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Military

Introduction

It must be peace without victory.... Woodrow Wilson

We are now concerned with the peace of the entire world and the peace can only be maintained by the strong General George C. Marshall

Properly constituted, peace operations can be one useful tool to advance American national interests and pursue our national security objectives.

The Clinton Administration's Policy on Reforming Multinational Peace Operations May 1994

Today's world, with changing patterns of conflict and threats to US interests, presents new political and military challenges. It also presents extraordinary opportunities. The existence of instability and potential threats require a strong military capability sufficiently versatile to execute national military strategy across the full range of operations--to include war and operations other than war (OOTW).

Recognizing these realities, the 1993 version of the Army's keystone manual on operations, FM 100-5, devoted a chapter to OOTW. That chapter includes a broad discussion of PK and PE. This manual focuses specifically on peace operations, building on the foundation laid in FM 100-5.

This manual provides the basis for planning and executing peace operations. As doctrine, this manual guides the Army in how to think about peace operations and provides fundamentals for these operations.

THE HISTORY

Peace operations is a new and comprehensive term that covers a wide range of activities. Peace operations create and sustain the conditions necessary for peace to flourish. Peace operations comprise three types of activities: support to diplomacy (peacemaking, peace building, and preventive diplomacy), peacekeeping, and peace enforcement. Peace operations include traditional peacekeeping as well as peace enforcement activities such as protection of humanitarian assistance, establishment of order and stability, enforcement of sanctions, guarantee and denial of movement, establishment of protected zones, and forcible separation of belligerents.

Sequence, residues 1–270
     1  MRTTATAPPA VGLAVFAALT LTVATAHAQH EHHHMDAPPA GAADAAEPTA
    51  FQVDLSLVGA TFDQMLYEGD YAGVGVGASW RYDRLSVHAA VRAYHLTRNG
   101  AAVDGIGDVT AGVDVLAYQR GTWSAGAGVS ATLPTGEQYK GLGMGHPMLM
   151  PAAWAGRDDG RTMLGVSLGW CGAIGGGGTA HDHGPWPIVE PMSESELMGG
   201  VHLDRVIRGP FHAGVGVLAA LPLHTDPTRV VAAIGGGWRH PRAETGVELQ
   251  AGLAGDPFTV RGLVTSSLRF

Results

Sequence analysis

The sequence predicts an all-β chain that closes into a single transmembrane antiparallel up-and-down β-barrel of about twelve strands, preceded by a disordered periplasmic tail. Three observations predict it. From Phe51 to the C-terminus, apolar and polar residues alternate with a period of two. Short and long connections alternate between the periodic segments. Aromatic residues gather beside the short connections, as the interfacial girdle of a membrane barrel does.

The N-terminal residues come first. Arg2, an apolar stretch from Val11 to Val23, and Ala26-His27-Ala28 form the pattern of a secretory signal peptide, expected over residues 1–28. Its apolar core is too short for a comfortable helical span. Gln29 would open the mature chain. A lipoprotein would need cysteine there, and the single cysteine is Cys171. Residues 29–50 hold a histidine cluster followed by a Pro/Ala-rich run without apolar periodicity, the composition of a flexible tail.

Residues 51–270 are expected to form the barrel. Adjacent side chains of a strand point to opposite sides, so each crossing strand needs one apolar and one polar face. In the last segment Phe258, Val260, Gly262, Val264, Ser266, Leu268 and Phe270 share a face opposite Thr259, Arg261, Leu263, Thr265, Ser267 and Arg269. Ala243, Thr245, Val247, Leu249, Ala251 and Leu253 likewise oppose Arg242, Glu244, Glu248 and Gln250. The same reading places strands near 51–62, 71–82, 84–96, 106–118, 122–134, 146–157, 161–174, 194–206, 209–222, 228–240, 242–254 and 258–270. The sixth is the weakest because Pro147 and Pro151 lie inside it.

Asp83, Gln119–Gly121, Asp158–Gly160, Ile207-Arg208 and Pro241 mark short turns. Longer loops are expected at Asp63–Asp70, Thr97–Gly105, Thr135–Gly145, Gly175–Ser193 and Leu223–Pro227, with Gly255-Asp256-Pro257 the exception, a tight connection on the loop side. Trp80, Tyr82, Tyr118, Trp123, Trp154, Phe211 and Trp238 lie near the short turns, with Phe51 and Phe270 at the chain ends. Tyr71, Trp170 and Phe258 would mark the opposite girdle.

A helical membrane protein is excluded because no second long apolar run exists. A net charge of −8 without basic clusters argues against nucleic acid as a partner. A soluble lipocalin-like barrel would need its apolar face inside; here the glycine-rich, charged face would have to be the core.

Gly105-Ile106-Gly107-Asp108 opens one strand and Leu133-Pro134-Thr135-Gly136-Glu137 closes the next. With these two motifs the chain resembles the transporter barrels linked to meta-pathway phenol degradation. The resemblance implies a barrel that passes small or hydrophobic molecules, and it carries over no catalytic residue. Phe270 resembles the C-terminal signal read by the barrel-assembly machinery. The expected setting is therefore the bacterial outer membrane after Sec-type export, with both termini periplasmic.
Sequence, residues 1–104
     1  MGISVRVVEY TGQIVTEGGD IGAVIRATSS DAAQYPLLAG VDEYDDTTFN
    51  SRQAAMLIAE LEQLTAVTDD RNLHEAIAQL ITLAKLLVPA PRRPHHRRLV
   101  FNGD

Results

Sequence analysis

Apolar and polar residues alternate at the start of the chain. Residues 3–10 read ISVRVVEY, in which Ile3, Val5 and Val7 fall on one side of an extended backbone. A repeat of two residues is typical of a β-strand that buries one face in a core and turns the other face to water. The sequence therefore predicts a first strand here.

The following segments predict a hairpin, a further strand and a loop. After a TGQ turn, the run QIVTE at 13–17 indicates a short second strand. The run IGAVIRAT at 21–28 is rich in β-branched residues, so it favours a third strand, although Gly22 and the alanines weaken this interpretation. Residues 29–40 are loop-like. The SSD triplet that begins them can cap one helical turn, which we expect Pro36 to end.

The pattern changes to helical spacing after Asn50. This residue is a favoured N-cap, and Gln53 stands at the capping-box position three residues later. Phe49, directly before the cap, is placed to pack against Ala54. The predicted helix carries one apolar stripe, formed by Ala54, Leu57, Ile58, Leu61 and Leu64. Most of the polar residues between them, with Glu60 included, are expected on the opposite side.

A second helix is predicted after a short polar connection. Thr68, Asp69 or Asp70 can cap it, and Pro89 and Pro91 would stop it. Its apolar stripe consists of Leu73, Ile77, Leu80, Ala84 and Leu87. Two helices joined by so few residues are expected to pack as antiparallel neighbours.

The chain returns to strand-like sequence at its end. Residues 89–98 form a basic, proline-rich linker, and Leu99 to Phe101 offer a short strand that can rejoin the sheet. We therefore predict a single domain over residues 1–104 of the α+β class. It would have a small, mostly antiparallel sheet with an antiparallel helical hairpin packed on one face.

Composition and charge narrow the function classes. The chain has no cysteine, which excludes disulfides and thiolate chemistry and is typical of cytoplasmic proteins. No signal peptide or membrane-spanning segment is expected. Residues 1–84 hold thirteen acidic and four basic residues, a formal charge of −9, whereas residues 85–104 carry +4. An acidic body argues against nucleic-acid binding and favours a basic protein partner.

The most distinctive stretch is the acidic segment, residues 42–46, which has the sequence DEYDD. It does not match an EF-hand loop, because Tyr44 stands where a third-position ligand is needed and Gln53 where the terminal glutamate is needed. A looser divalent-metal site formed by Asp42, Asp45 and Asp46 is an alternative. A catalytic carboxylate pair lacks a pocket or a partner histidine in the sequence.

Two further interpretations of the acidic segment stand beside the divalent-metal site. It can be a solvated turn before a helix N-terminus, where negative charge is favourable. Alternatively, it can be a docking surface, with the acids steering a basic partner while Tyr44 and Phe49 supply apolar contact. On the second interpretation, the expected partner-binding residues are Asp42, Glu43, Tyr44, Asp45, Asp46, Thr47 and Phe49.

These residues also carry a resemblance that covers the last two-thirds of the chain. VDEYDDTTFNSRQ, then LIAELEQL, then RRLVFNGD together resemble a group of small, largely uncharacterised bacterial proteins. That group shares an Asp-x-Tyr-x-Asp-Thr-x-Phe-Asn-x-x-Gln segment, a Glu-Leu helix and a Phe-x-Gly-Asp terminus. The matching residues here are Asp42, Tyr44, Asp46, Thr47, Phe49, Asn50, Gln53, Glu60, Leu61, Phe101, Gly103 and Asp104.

Peace operations have become increasingly common in the post-Cold War strategic security environment. For example, in its first 40 years, the United Nations (UN) conducted only 13 such operations, al relatively small, with the exception of UN operations in the Congo during the 1960s. Since 1988, the number of peace operations has more than doubled, with each succeeding one being more complex than the last. The UN's peacekeeping operation in Cambodia in 1993, for example, included 22,000 military, police, and civilian personnel from 32 contributing nations. The operation cost the world community well over $2 billion. The UN-sanctioned peace operation in Somalia (unified task force [UNITAF]), spearheaded by the US, involved more than 27,000 personnel from 23 contributing nations at a cost of $750 million.

Peace operations are not new to the Army. Since 1948, US soldiers have served in many such operations--to include the United Nations Truce Supervisory Organization in the Middle East, Lebanon (1958), the Dominican Republic (1965), and the Sinai (since 1982)--as members of a multinational force and observers (MFO).